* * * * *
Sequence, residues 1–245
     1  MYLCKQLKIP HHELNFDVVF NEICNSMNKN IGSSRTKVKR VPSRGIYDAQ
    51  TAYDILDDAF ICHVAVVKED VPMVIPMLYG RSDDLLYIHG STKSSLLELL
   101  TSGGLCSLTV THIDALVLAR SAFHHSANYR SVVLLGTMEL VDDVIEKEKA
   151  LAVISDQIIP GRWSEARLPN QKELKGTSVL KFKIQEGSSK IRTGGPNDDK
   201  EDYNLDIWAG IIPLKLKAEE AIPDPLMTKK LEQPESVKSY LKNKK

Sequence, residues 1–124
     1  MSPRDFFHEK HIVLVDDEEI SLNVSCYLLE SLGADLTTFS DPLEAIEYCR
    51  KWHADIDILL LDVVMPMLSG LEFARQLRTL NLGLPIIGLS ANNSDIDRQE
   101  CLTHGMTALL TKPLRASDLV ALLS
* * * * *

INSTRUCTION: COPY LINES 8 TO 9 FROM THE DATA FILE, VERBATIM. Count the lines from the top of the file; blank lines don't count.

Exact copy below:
     1  MSPRDFFHEK HIVLVDDEEI SLNVSCYLLE SLGADLTTFS DPLEAIEYCR
    51  KWHADIDILL LDVVMPMLSG LEFARQLRTL NLGLPIIGLS ANNSDIDRQE